Near Future Teaching Focus Group: Medical Students

On one snowy day in April, when we finally were in a room together with 4 University of Edinburgh Medical Students, I felt that we had rounded up unicorns from a magical forest! That was how hard it was to track down these incredibly busy, mystical creatures. However, we finally managed to do it with the help of Tim Fawns from the NFT Task Group and Lydia Crow, MBChB Manager, to whom we are very grateful.

The session was led by NFT Research Associate Michael Gallagher and in attendance were four female medical students (one 4th year, one 2nd year and two 5th years) and the aforementioned Tim Fawns. It was a rich and intriguing conversation.

Michael began by asking the students about what technology they use in their studies. There was talk of how things were changing in the landscape of national exams and that students took part in PAL – Peer Assisted Learning. Someone mentioned the old adage, ‘see one, do, one, teach one’ and Tim said his opinion leaned more in the direction of, ‘see a million, do a million, teach one.’

CAL – computer assisted learning via videos and LEARN, the University’s online learning environment, were both cited. Apparently no one uses the LEARN discussion boards as there is no search bar, however it was mentioned that a student has invented a chrome extension that you can add to LEARN to make it searchable. Facebook is an active platform, and each year has their own group to which they are added to even before they start their degree. It is used as a notice board, for promoting events, for advice regarding revision and so on. People make friends on Facebook and these groups and networks carry on into professional networks beyond the University degree. It seemed to be useful to have separate channels – the formal LEARN and the social Facebook.

There was some conversation about digital technology and health data. An online medical informatics course had been offered but there was confusion from the start about it as students got the message they were required to take it (so everyone joined) and then that they were not (so most dropped out as they are so busy). It was hard for the students to understand the relevance of learning how to work with this type of information as they were under the impression that someone else would do this for them in future. The course seemed to focus on metadata not relevant to medicine; for instance, the examples given on the course were about finding composers of songs in music data. One of the students mentioned a non-mandatory Health Ethics course whose relevance did not become clear until later in the programme and the feeling seemed to be that the medical informatics, if designed to be more focussed on the needs of medical students, could be valuable if integrated appropriately into their programme rather than being an optional add on. One of the 5th year students mentioned a project she had been involved in where it would have been helpful for her to know how to code.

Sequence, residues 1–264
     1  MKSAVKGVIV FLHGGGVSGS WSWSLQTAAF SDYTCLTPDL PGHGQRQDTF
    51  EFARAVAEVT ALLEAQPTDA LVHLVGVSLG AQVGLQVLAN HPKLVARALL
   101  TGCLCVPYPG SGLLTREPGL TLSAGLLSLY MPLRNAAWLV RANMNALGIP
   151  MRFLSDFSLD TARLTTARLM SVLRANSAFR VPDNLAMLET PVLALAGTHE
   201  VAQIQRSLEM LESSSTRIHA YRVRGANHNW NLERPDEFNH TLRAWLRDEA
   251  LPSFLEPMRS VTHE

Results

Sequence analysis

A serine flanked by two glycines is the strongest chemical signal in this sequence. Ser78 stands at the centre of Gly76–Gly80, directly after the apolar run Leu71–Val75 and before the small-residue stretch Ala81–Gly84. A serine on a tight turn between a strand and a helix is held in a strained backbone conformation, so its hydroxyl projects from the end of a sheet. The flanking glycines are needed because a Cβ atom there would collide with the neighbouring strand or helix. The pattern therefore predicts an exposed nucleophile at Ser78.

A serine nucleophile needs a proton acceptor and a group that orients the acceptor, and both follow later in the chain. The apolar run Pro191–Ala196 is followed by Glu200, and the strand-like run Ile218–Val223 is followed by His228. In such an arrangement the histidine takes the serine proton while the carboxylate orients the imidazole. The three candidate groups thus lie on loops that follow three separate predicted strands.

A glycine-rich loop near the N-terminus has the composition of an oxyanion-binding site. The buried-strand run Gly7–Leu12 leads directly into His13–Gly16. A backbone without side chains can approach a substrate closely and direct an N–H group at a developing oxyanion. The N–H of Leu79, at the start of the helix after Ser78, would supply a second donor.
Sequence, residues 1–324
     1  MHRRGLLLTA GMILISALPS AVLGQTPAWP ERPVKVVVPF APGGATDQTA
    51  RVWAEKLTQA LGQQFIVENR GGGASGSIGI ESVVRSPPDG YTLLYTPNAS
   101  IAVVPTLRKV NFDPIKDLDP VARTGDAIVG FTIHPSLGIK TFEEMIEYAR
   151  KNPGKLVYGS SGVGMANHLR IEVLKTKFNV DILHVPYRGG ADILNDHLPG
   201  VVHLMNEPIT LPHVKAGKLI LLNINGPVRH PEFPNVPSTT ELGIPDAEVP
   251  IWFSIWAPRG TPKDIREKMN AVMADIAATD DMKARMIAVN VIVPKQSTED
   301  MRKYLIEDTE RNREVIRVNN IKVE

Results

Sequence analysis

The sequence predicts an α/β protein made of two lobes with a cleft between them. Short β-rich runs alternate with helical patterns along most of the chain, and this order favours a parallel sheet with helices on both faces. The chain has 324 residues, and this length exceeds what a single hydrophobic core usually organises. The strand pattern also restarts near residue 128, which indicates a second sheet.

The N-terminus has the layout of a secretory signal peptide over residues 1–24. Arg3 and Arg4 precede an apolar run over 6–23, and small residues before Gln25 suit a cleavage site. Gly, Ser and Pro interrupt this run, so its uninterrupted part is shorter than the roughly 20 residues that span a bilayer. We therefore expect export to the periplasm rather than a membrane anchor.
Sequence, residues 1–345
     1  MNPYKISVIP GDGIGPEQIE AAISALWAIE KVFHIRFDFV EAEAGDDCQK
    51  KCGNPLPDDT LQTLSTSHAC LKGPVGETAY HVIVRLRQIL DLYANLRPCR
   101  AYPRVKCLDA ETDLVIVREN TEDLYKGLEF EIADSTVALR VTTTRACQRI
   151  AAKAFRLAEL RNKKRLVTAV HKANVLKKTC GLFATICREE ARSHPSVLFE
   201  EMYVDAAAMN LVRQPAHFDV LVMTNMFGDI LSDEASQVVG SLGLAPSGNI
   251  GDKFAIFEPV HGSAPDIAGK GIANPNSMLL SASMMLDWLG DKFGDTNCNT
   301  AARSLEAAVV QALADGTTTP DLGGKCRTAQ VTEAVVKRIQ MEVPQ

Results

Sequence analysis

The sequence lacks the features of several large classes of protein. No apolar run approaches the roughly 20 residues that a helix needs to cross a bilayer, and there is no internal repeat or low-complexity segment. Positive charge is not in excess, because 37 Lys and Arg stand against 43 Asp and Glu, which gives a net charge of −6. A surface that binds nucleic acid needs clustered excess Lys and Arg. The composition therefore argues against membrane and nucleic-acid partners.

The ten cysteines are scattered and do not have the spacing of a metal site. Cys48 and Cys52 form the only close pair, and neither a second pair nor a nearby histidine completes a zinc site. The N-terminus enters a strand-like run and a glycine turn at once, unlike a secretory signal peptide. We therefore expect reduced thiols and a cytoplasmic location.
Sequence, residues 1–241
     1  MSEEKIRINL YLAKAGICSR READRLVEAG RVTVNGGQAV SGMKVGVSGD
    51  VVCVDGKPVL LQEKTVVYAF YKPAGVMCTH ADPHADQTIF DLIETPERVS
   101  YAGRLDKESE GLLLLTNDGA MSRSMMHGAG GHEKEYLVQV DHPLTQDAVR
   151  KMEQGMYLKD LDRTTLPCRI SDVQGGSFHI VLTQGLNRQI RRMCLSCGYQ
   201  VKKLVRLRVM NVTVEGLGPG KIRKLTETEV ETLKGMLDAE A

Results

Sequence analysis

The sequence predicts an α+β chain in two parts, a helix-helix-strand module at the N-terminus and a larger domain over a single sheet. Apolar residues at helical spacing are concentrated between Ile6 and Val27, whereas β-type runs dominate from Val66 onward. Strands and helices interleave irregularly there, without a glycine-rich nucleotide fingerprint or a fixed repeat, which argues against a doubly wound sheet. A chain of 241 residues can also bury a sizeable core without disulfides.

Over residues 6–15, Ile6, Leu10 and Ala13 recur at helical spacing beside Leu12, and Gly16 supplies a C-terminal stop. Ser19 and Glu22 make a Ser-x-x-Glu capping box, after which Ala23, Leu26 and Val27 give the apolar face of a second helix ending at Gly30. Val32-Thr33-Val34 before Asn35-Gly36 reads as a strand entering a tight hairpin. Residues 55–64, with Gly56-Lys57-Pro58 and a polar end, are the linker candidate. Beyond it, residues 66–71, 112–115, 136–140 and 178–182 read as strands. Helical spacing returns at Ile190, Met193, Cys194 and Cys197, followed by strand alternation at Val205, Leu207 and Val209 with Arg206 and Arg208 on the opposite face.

The students did admit that data literacy is a skill they are expected to have and that they hoped to see virtual reality being brought into the medical programme, and exploration of gamification so that this work could be social, competitive and engaged. Observing surgery in person can be so crowded that it is difficult to see properly, and you do not get to feel the actual procedures. Being able to explore this online, in detail – especially with haptic VR – could help with this problem.

Michael’s final question had to do with the students’ values around technology. They hoped that everyone would become more open-minded to technology as it leaves no stone in its path unturned. They wished that medical informatics could be integrated in such a way that students could see its value for them in future. One mentioned hackathons and said that this coming together of people from different backgrounds and professions can help students to understand how working with data and designers to build prototypes can be a brilliant way to learn – ‘it would be cool to incorporate this into the curriculum’, one of the students noted. PBL – problem based learning – is seen to be boring, just a reiteration of what is in a text book, whereas a hackathon would be more fun and also feel like real-world experience.

Finally, gamification was mentioned again and the idea of incorporating bots to do some of the work of doctors like taking history from patients, but the students still think that human contact between patients and doctors is vital.

With that, we sent the medical unicorns a.k.a. students back off into the snow with much thanks for their wisdom and the enthusiasm with which they shared their thoughts on these NFT topics.

Jennifer Williams

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  1. I am the Secretary to the Space Strategy Group at the University of Edinburgh. The Group’s purpose is to optimise the use and quality of space across the Estate through joined up working across the University community and, more specifically, to provide clear governance and oversight of teaching and learning spaces.

    If any of your project work aligns with the above purpose, please get in touch.

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